Republic of the Philippines - Stamps & Postal History

RP Issues of 2016











2016, May 5.  National Heritage Month:  Philippine Traditional Musical Instruments

Litho Offset, Amstar Company, Inc.,  Perf 14

Se-tenant Blocks of 4,  Miniature Sheets of 16;  Souvenir Sheets of Four + 2 Labels




Se-tenant Blocks of Four   (25,250)


15p  Kulintang

15p  Kudyapi

15p  Dabakan

15p  Gangsa


Miniature Sheets of 16  (6,312.50)


60p Souvenir Sheets of Four  (5,000)

15p  Kudlong

15p  Libbit

15p  Agung

15p  Gabbang


Stamp Designer:  Victorino Z. Serevo

Design Coordinator:  Filipino Heritage Festival, Inc.



First Day Covers:  Manila







National Heritage Month:  Philippine Traditional Musical Instruments

KULINTANG.  An instrumental form of music composed on a row of small, horizontally-laid gongs that function melodically, accompanied by larger, suspended gongs and drums. As part of the larger gong-chime culture of Southeast Asia, kulintang music ensembles have been playing for centuries in regions of the Eastern Malay Archipelago—the Southern Philippines, Eastern Indonesia, Eastern Malaysia, Brunei, and Timor.  Kulintang music is considered an ancient tradition that predates the influences of Hinduism, Islam, Christianity, and the West. In the Philippines, it represents the highest form of gong music attained by Filipinos.

KUDYAPI.  A Philippine two-stringed, fretted boat-lute. It is the only stringed instrument among the Maguindanao people, and one of several among other groups such as the Maranao and Manobo. It is four to six feet long with nine frets made of hardened beeswax. The instrument is carved out of solid soft wood such as that from the jackfruit tree.  Common to all kudyapi instruments, a constant drone is played with one string while the other, an octave above the drone, plays the melody with a kebit or rattan pluck.

DABAKAN.  A single-headed Philippine drum, primarily used as a supportive instrument in the kulintang ensemble. Among the five main kulintang instruments, it is the only non-gong element of the Maguindanao ensemble. The dabakan is frequently described as either hour-glass, conical, tubular, or goblet in shape.  Normally, the dabakan is found having a length of more than two feet and a diameter of more than a foot about the widest part of the shell.  The shell is carved from wood either out of the trunk of a coconut tree or the wood of a jackfruit tree which is then hollowed out throughout its body and stem. The drumhead that is stretched over the shell is made out of either goatskin, carabao skin, deer rawhide, or snake/lizard skin, with the last considered by many dabakan practitioners as the best material to use. The main use for the dabakan in Maguindanao and Maranao society is as a supportive instrument in the kulintang ensemble, keeping the tempo of the ensemble in check.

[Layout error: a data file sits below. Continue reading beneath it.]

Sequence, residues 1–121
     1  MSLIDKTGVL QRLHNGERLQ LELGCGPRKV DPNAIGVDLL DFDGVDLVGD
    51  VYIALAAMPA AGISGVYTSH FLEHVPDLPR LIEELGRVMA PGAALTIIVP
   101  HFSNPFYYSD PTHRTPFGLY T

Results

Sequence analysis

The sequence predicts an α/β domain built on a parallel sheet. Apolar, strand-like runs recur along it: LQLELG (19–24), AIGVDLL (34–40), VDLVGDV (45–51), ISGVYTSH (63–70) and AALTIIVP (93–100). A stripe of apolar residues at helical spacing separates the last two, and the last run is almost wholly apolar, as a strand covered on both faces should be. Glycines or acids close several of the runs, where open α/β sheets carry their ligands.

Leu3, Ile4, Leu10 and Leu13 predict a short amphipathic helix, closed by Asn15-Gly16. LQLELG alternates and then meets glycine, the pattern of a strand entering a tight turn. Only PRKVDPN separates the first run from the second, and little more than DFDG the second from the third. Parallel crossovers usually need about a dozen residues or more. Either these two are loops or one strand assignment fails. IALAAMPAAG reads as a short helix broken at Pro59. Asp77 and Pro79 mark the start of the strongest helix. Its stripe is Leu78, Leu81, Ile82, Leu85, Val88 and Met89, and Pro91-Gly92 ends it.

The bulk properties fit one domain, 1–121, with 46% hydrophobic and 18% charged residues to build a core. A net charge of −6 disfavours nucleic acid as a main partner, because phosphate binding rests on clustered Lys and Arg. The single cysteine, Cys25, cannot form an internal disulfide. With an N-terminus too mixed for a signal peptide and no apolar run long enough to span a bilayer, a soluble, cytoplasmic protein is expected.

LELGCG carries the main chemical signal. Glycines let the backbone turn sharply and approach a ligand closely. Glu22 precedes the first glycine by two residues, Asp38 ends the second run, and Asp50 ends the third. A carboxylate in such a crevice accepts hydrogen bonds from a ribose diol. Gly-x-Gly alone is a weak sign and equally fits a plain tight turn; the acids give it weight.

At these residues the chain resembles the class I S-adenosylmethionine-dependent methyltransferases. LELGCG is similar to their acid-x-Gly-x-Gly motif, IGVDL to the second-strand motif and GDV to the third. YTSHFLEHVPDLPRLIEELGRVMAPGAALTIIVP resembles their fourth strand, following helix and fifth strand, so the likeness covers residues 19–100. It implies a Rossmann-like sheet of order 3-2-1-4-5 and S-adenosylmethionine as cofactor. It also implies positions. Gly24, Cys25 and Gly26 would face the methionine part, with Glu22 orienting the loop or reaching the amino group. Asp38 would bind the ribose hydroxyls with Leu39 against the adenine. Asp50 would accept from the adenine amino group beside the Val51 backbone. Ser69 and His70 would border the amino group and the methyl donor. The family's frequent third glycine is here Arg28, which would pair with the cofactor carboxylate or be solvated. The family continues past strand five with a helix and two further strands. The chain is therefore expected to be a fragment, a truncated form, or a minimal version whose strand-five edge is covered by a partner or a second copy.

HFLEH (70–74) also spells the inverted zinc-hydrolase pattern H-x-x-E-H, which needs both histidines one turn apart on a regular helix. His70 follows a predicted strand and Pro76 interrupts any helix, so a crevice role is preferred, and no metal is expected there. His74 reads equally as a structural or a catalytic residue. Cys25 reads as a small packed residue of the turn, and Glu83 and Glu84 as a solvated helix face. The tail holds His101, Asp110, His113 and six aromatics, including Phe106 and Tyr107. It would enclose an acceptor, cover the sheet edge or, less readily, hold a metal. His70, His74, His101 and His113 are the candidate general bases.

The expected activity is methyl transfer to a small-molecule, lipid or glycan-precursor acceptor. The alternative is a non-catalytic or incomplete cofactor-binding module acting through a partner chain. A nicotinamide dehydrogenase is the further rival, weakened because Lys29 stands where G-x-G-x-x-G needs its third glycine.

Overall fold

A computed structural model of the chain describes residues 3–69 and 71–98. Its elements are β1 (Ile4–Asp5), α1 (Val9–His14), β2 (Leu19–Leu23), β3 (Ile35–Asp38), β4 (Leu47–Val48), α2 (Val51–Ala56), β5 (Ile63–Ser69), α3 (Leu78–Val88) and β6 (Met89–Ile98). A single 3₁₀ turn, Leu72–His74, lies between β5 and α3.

Gangsa.  Indigenous to the cultures found in the mountain regions (the Cordillera) of the northern Philippines. The gangsa of the northern Philippines is a single hand-held smooth-surfaced gong with a narrow rim.  A set of gangsa, which is played one gong per musician, consists of gangsa tuned to different notes, depending on regional or local cultural preferences. The number of gangsa in a set varies with availability, and depends on the tradition of a particular ethnic group of the Luzon Cordillera: Kalinga, Ifugao, Bontoc, etc.

On Souvenir Sheets:

Kudlong (Chordophone) – a two-stringed lute used by the Mansaka and Mandaya.  Frets are located on the neck of the instrument.

Libbit (Membranophone) – a conical drum with a deer or goat skin head used by the Ifugao and played with a gong during harvest time under the rice granary.

Agung (Idiophone) – a larger, deep-rimmed gongs with sides that are turned in, used in Southern Philippines.

Gabbang (Idiophone) – a bamboo xylophone found in Southern Philippines among the Yakan, Sama, Tausug and Palawan.  It consists of bamboo keys at graduated lengths mouned on a trapezoidal box.  Number of keys varies among the different ethnic groups ranging from 3-22.

Sulibao (Membranophone) – a longitudinal slightly barrel-shaped hollowed out logs with deer skin heads on one end used by the Bontok and Ibaloi.  Played with palms of two hands, the drums are combined with gongs and other instruments to form different types of ensembles.





  • Musical Instruments


Articles by Dr. Ngo Tiong Tak

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Issues of 2016